Benny Boom is in negotations to replace Carl Franklin as director.
With the clock ticking on Morgan Creek’s Tupac Shakur movie, the company is in the midst of hiring music video and commercial director Benny Boom to helm.
The company, which has been working for years to bring the late rapper’s story to the big screen, is operating with a sense of urgency given that the music rights will revert back to Shakur’s mother, Afeni Shakur, at the end of the year if the film isn’t in production by then. Carl Franklin was poised to direct as recently as the summer, picking up the baton after John Singleton dropped out in April and trashed Morgan Creek in the process.
“The people involved aren't really respectful of the legacy of Tupac,” Singleton wrote on Instagram, promising to make his own rival project.
But things continued to move forward until Franklin quietly exited the project amid a fresh round of intrigue that surfaced about a month ago. In late October, producers Emmett/Furla filed a $10 million lawsuit against Morgan Creek, saying the company breached a co-production agreement by selecting a lead actor and setting a budget and production schedule without Emmett/Furla's approval.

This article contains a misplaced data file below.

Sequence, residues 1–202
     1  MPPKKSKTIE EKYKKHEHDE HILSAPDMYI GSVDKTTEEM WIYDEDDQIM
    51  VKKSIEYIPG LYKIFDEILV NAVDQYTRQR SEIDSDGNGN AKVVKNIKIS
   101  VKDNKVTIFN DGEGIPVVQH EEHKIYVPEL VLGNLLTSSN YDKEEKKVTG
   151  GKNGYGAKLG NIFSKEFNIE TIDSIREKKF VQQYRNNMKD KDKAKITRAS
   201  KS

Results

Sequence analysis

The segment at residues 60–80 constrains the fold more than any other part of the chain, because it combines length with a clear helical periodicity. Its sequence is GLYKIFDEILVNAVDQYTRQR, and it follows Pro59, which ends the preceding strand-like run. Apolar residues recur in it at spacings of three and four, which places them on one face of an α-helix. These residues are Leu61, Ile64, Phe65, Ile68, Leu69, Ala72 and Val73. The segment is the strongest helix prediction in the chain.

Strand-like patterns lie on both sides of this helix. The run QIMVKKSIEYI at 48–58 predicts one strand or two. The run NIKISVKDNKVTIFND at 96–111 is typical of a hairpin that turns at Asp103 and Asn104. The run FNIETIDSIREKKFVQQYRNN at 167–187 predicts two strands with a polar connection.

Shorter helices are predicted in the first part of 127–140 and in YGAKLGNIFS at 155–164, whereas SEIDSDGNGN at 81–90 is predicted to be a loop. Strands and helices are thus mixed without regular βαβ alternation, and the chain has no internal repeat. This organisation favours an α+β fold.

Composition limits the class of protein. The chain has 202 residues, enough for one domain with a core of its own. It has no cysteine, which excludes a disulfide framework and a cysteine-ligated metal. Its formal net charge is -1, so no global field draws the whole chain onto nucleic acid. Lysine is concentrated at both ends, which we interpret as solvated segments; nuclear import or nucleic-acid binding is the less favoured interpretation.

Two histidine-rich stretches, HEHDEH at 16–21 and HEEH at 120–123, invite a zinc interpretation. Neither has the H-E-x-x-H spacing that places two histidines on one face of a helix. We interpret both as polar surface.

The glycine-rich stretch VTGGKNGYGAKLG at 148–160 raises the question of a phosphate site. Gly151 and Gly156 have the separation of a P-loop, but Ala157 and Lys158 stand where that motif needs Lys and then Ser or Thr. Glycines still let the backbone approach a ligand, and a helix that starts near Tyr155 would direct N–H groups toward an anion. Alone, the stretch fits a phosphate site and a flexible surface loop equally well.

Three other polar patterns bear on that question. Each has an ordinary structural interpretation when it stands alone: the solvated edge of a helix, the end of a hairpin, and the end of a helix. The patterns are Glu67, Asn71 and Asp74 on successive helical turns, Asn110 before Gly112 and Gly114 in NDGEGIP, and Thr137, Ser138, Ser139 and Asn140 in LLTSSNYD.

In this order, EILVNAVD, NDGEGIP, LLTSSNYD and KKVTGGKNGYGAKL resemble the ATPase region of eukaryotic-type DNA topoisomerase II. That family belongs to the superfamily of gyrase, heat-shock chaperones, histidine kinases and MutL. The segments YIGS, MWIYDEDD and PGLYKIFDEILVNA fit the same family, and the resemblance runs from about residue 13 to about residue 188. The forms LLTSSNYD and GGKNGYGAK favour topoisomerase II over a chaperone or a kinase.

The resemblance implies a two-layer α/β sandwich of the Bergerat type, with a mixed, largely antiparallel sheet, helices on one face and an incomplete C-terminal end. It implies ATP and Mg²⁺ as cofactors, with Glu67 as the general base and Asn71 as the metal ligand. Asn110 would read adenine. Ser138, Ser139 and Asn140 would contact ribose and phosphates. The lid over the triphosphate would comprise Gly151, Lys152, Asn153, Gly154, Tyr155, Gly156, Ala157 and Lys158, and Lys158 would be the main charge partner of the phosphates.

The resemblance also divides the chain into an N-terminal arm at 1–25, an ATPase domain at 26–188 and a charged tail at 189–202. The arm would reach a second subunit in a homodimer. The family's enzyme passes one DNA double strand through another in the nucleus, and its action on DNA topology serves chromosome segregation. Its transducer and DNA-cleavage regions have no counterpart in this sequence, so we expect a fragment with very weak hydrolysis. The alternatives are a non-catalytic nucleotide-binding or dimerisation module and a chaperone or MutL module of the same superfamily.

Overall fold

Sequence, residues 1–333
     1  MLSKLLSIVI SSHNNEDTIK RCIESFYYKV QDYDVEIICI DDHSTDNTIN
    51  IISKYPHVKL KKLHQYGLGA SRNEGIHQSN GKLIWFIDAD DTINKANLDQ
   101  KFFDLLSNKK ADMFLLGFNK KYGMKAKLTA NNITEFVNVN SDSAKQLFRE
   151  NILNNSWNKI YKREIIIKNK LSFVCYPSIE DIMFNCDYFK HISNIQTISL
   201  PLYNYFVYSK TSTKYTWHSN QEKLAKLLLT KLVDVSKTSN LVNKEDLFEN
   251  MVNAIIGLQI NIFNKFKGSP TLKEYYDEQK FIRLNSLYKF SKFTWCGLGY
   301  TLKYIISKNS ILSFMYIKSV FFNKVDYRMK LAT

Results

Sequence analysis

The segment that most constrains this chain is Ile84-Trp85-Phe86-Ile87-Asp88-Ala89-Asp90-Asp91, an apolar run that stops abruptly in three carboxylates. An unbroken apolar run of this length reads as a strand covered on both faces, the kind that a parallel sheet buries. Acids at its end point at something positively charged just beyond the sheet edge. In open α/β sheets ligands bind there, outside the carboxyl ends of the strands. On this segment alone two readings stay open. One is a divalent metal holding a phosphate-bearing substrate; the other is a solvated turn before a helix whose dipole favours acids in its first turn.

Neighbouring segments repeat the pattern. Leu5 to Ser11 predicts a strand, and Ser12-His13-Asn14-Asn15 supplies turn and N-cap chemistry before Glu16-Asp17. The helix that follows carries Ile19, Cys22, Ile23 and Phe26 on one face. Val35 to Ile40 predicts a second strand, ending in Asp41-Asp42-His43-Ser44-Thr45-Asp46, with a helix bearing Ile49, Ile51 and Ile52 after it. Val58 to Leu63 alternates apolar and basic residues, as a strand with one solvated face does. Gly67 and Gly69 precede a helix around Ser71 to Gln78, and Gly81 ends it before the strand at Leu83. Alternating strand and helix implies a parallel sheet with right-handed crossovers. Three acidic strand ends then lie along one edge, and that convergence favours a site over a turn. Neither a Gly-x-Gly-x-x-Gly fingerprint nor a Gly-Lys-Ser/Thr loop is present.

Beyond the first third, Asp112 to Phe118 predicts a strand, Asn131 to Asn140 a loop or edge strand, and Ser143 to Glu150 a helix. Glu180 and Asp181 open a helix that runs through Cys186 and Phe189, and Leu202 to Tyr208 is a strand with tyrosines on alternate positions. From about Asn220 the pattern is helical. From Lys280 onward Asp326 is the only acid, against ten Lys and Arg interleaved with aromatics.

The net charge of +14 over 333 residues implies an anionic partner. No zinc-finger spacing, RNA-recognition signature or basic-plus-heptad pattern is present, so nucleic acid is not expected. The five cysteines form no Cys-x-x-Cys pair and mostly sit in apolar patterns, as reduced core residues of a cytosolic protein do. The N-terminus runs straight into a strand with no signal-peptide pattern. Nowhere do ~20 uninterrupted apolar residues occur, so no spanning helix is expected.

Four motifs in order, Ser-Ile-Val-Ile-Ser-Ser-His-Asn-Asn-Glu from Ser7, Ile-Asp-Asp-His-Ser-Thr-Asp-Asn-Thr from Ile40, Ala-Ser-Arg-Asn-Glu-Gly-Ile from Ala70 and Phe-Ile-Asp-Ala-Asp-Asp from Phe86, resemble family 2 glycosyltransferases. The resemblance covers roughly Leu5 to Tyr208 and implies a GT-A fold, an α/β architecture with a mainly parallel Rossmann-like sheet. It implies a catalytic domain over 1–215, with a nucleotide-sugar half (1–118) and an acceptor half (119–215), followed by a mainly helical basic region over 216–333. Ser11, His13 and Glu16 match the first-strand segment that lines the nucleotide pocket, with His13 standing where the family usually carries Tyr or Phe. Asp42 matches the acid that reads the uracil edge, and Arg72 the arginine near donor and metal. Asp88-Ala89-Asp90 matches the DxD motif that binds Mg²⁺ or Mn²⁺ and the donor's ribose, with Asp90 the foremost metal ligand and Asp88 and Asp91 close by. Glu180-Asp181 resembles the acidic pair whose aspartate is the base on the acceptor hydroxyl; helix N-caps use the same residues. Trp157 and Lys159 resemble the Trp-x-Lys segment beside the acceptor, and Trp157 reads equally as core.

It wasn’t the first time the project had become entangled in a lawsuit. The studio sued Afeni Shakur for the music rights to the film.
Given the success of another rap biopic, Universal’s Straight Outta Compton (more than $200 million worldwide), a Tupac film was seen as particularly attractive. Tupac’s life story – which includes his rise to multiplatinum-selling artist and his mysterious death – is seen as one of the most tempting.
The Tupac character has appeared twice in film — in 2009’s Notorious and Straight Outta Compton — both supporting roles played by Anthony Mackie and newcomer Marcc Rose, respectively.